Ordnance Survey readies Astigan solar-powered aircraft for Earth observation

Ordnance Survey is working with aeronautic engineers to develop Astigan, a solar powered, High Altitude Pseudo Satellite (HAPS) that will fly at 67,000 ft to acquire images of the Earth.

Astigan
Astigan readies for take-off at dusk (Pic: Astigan Ltd)

With a wingspan of 38m and weighing 149kg (including a payload of up to 25kg), the aircraft will be positioned to view any part of the Earth and collect data for 90 days at a time over wider areas compared to conventional aerial imagery capture. The aircraft will operate between 20–22km and fly a pre-determined route or remain above a specified position.

“The UK has a particularly successful track record in mapping and associated technology,” said business minister Lord Henley. “As well as having the potential to support key government objectives such as upgrading the UK’s infrastructure, it could benefit emerging technological areas such as smart cities and self-driving vehicles which both rely on accurate 3D mapping.”

Astigan Ltd was established in 2014 by Ordnance Survey and private investors to develop and commercialise Britain’s first commercial sub-orbital Earth Observation HAPS.

Ordnance Survey said that when it comes into production Astigan will have the potential to work alongside existing mapping capabilities to improve the speed, accuracy and cost involved in aerial mapping.

Brian Jones, Astigan managing director, said: “This remarkable aircraft has met every goal and passed all milestones in its ambitious development programme so far. We are excited about the year ahead as we increase our flights and move towards a fully operational high-altitude test. By the end of 2019 we aim to be completing endurance flight testing, building up to 90 days non-stop, which is the operational capability we’re striving for.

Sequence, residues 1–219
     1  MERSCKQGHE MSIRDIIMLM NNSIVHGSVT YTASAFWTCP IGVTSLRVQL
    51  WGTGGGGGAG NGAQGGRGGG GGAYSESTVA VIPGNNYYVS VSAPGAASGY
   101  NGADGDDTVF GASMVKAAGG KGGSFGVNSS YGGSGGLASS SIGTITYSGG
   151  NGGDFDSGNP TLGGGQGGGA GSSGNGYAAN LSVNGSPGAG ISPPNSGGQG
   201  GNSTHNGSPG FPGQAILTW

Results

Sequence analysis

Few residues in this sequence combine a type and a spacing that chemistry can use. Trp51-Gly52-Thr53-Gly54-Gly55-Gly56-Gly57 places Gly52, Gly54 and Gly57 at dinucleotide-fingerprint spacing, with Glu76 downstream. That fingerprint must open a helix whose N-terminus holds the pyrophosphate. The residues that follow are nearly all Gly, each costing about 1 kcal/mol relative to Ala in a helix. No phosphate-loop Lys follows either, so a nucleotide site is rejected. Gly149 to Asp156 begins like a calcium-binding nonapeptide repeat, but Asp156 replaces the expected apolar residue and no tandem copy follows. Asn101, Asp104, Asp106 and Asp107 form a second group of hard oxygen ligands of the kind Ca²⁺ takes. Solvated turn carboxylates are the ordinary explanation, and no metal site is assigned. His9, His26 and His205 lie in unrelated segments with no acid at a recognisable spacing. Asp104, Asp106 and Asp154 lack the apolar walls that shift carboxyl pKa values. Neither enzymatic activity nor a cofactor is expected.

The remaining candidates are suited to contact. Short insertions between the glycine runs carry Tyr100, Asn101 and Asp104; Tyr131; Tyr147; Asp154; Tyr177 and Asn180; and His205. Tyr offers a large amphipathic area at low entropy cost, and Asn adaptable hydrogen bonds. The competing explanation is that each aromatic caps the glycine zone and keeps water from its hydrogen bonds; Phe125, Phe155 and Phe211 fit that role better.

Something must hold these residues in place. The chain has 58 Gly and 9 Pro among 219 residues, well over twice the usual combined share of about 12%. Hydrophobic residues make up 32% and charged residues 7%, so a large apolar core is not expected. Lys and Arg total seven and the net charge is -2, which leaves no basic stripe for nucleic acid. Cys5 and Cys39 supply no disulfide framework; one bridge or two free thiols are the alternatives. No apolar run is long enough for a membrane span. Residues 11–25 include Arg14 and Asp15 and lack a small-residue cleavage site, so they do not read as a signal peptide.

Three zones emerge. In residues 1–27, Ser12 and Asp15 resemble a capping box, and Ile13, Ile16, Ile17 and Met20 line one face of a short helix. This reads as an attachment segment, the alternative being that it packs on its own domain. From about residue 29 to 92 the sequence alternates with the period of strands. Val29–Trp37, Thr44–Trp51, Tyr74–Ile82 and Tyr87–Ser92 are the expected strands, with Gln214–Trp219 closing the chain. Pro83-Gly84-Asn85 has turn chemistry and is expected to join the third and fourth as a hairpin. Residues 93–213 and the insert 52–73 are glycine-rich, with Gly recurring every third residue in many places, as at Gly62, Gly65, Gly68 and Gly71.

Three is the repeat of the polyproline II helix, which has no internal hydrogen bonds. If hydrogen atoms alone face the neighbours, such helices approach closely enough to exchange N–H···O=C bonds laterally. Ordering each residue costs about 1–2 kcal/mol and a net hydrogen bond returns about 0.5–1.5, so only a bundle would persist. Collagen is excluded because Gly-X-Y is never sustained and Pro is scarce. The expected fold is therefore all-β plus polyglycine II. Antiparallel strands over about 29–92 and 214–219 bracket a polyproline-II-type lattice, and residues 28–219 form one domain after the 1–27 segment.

“It’s incredibly exciting that the UK has developed this kind of technology, delivering satellite capabilities, unparalleled flexibility and improved efficiency, all at a vastly reduced cost. We look forward to completing this project and seeing the aircraft deliver on its outstanding potential, which should provide a range of scientific and environmental benefits.”

As well as geospatial data and mapping, Astigan could also provide climate and environmental monitoring services; early warning, observation and communications over natural disasters; and support for global land management and urbanisation challenges.

Neil Ackroyd, a co-founding director of Astigan and acting CEO of Ordnance Survey, said: “[Astigan] has produced a unique, British-made platform which can carry a range of interchangeable earth observation instruments such as high-precision cameras, atmospheric monitoring systems and multi-spectral sensors.

“Astigan supports Ordnance Survey in enhancing its capabilities to work in partnership with other nations across the globe. By aligning this capability with our…geospatial production and mapping expertise, we hope to support organisations and countries in tackling major societal challenges.”

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